The guide breaks down the elements of a healthy, high-performing school into sections that describe why each element is important, how it can be incorporated into school design and what effect it will have on other building components and operating procedures. An extensive list of resources for school officials, administrators, parents, architects and engineers to use during the planning and design stages is included in the guide. The guide also has numerous strategies that can be applied to existing buildings to make them more environmentally friendly, healthier and more efficient.

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The "Illinois Resource Guide for Healthy, High-Performing School Buildings" also features case studies from 15 Illinois schools that have implemented these practices. These schools are:

  • Antioch Community High School

  • Bolingbrook High School

  • Bureau Valley School, Manilus

  • Chicago Public Schools

  • Cuba Middle School and Senior High School

  • Gallatin County Health Center

  • Lake Zurich Elementary and Middle School

  • Lakes Community High School, Lake Villa

  • Lockport Township High School

  • Mater Dei School, Breese

  • Matteson Elementary School

  • McLean County Unit District 5, Normal

  • Naperville Community Unit School District 203

  • Reagan Middle School, Dixon

  • Tarkington Elementary School, Chicago

In addition to publishing the guide, the Capital Development Board, the Illinois State Board of Education and the Healthy Schools Campaign will host a series of workshops throughout the state to spread awareness about initiatives that can improve classrooms and save school districts money.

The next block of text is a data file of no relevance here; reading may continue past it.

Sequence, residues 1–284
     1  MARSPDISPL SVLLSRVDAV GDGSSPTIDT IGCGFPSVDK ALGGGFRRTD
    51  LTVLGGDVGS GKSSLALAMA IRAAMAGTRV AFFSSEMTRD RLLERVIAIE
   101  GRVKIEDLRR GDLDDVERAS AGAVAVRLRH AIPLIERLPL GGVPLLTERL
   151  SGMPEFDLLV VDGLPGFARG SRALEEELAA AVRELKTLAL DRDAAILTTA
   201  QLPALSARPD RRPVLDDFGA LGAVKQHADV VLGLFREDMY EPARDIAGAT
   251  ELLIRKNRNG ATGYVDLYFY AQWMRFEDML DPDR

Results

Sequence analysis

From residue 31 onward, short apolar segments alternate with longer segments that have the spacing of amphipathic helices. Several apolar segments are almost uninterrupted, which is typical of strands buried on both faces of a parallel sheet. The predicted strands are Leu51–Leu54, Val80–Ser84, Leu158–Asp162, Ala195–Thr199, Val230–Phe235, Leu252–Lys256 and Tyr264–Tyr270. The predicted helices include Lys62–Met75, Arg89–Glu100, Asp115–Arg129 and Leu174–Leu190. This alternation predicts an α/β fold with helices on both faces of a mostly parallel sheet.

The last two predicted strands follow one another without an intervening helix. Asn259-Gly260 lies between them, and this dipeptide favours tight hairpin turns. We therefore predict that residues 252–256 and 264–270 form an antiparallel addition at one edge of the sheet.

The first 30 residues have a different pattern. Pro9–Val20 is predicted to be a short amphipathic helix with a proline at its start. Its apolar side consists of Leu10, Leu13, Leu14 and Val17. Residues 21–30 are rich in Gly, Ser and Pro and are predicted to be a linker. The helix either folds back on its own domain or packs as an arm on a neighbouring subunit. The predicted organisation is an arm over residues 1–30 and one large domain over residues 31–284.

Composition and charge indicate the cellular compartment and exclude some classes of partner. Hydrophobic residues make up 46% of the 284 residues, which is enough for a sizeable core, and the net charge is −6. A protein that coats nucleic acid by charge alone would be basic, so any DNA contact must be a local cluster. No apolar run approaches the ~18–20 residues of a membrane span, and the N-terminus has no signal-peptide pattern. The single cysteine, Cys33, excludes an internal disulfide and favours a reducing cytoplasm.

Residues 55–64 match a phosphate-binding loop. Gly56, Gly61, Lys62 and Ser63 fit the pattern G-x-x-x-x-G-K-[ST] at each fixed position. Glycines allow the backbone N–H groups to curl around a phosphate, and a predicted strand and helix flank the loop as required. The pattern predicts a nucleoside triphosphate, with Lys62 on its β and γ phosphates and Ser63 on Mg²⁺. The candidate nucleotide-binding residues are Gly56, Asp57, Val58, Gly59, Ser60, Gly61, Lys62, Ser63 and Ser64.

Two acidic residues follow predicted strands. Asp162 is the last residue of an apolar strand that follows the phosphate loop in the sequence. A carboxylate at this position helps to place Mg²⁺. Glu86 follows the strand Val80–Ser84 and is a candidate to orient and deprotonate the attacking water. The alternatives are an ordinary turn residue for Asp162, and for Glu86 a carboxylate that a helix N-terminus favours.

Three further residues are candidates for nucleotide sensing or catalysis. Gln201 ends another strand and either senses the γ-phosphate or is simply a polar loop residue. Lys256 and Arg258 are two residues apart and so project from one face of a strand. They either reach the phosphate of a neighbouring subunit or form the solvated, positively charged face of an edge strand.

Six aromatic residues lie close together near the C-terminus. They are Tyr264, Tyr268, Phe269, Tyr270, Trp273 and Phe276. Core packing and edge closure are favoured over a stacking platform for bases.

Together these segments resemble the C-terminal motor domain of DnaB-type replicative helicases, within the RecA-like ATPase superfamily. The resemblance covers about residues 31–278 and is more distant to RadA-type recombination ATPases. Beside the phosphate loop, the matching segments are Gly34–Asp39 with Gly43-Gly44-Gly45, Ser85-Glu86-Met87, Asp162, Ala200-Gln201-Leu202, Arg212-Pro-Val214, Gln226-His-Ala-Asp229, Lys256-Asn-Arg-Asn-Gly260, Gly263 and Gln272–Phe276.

For more information, to order a copy or to download an electronic copy of the guide, visit

The Capital Development Board manages the construction, repair and renovation of state facilities across Illinois, including colleges and universities, mental health facilities, veterans homes, and historic buildings. Capital Development Board projects include the Abraham Lincoln Presidential Library and Museum, the new State Emergency Operations Center, and the World Shooting and Recreational Complex in Sparta.

The Illinois State Board of Education provides leadership, advocacy and support for the work of school districts, policymakers and citizens in making Illinois education "second to none."

The Capital Development Board and the Illinois State Board of Education work together to manage the School Construction Grant Program in Illinois.

The Healthy Schools Campaign is a not-for-profit organization that advocates for policies and model programs that allow students and staff members to learn and work in a healthy school environment. The organization works with a broad network of individuals and organizations, including parents, teachers, school administrators, students, public health and education advocates, policymakers, and community leaders. Recognizing the connection between a clean environment, healthy children and better education, the Healthy Schools Campaign addresses the problems of asthma and obesity by promoting school-based programs, practices and policies such as green cleaning, healthy school design, healthy food choices and nutrition education.

[Capital Development Board news release]